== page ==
The most important is probably the fact that you are transferring your principal residence. You will also have to have been living in that non-EU country for at least a year and have been using your personal belongings for at least six months prior to the transfer of residence. This applies regardless of how you acquired them initially, whether tax-free or otherwise. For all but a very small minority of people, these exemptions will cover their personal situations. Theoretically, you could be asked to prove the provenance and purchase date of items but unless your removal truck contained multiple washing machines which all looked brand new, questions are unlikely to be asked. 

Most household removal loads contain a mixture of old and newer items; think books, DVDs, old furniture and rugs along with a shiny new toaster or two, and in this case it is highly unlikely that questions will be asked about the age of your toaster!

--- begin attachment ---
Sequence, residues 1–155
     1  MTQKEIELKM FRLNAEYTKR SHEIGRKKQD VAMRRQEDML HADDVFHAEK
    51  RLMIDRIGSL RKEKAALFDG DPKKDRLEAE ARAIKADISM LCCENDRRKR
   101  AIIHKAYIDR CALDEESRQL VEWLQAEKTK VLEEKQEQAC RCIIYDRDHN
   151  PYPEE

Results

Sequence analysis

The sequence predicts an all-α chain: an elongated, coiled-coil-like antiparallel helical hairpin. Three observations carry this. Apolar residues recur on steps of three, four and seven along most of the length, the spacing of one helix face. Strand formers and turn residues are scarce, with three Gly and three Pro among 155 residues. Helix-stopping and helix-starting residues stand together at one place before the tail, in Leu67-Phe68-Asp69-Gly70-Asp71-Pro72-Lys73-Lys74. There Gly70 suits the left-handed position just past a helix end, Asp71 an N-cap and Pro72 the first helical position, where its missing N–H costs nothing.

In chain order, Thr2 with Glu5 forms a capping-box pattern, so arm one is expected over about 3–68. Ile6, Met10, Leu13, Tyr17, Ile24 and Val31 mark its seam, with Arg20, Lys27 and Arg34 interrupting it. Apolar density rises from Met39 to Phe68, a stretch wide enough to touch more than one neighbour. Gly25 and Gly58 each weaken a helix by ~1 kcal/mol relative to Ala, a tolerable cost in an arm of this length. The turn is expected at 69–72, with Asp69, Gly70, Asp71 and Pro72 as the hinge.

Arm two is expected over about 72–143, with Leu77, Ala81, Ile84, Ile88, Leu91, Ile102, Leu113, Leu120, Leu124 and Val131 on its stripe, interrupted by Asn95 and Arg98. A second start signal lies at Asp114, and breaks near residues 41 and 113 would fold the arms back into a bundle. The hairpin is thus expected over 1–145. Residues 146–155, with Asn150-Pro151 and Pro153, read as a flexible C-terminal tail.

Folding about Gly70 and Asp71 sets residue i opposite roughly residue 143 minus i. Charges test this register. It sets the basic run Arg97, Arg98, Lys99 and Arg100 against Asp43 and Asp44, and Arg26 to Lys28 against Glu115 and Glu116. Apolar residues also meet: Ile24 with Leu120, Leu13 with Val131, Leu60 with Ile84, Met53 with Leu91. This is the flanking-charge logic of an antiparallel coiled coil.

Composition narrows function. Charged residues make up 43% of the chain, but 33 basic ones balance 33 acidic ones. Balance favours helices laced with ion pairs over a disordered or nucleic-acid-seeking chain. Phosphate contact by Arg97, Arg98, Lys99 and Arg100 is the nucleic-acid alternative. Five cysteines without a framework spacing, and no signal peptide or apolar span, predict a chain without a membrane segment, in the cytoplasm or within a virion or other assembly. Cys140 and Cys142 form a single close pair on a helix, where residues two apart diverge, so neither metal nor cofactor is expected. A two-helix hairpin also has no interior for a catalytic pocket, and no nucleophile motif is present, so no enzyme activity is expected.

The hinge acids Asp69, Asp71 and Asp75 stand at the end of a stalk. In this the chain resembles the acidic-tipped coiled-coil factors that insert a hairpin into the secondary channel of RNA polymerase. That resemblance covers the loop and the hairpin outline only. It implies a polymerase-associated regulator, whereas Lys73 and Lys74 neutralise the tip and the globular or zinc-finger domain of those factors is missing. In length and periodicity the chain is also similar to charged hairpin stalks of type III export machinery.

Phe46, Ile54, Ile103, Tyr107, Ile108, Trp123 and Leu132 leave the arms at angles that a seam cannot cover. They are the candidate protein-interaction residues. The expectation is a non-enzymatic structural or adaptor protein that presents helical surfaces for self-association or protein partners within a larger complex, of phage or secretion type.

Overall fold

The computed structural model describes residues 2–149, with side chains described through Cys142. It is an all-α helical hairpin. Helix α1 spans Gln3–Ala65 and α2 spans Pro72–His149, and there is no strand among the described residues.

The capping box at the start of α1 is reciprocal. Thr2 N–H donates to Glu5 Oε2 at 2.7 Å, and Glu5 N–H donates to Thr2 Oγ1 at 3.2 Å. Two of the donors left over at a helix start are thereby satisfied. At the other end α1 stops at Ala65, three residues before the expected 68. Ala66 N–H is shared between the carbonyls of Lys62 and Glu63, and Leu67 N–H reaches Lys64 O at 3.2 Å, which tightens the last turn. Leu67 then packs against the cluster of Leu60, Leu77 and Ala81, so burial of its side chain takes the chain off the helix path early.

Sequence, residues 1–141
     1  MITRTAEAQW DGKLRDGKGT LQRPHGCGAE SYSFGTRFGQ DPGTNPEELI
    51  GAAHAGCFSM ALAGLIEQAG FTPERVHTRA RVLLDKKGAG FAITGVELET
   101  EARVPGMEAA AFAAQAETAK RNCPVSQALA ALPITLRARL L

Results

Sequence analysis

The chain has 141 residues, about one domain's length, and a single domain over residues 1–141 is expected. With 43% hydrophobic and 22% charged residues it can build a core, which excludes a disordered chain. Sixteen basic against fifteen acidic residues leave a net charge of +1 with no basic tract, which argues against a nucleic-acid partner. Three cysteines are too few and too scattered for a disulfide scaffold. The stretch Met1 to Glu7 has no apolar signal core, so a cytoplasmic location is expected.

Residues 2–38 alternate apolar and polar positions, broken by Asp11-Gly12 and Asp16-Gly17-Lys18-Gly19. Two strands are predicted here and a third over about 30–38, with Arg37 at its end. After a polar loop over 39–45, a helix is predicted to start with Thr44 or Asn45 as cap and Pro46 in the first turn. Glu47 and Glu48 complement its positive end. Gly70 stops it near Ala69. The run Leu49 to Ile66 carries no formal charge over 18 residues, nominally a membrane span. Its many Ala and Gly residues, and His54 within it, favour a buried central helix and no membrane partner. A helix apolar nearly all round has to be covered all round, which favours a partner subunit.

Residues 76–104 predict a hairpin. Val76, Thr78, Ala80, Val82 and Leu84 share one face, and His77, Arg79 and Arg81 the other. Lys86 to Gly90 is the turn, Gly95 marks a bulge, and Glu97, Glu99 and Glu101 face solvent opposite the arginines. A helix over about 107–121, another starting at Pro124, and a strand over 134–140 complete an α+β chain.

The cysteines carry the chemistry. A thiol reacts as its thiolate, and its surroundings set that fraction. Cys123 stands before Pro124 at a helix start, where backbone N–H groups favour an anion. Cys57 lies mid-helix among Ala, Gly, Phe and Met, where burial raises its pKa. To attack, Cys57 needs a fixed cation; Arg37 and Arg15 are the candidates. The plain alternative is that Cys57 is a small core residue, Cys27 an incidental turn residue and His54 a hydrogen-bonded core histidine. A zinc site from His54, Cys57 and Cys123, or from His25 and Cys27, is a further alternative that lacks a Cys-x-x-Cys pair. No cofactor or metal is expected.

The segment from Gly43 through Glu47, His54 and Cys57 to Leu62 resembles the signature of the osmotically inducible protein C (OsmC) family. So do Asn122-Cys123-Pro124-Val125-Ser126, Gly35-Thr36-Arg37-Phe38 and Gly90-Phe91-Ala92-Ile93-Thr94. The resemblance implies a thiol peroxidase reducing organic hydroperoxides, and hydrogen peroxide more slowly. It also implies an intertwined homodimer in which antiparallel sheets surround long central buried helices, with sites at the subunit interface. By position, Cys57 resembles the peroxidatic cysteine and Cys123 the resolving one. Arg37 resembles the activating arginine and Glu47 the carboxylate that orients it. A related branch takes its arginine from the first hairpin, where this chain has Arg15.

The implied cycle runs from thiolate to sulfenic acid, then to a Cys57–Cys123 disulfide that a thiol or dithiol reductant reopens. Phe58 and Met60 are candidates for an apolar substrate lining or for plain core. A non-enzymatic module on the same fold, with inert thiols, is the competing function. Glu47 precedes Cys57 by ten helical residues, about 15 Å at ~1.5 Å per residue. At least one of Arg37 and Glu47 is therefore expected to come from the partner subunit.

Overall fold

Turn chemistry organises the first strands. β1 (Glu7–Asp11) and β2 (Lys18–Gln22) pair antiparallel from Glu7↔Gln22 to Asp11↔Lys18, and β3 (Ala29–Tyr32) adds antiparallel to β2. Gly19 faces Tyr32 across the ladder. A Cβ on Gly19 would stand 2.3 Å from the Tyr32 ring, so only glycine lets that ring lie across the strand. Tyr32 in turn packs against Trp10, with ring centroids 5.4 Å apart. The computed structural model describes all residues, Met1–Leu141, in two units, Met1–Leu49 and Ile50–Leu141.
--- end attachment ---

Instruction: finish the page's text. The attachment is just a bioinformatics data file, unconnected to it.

Certain items do not qualify for this exemption, however, even though they are ‘personal’ belongings. This category includes horses, donkeys and ponies, motorbikes and bikes, cars and trailers, camper vans and pleasure craft. 

Private aeroplanes also fall into this group – although if you own a plane you could probably afford to pay someone to deal with all the paperwork for you and would thus be unlikely to be reading this article anyway!

These items all require customs duties and/or taxes to have been previously paid in the country of origin.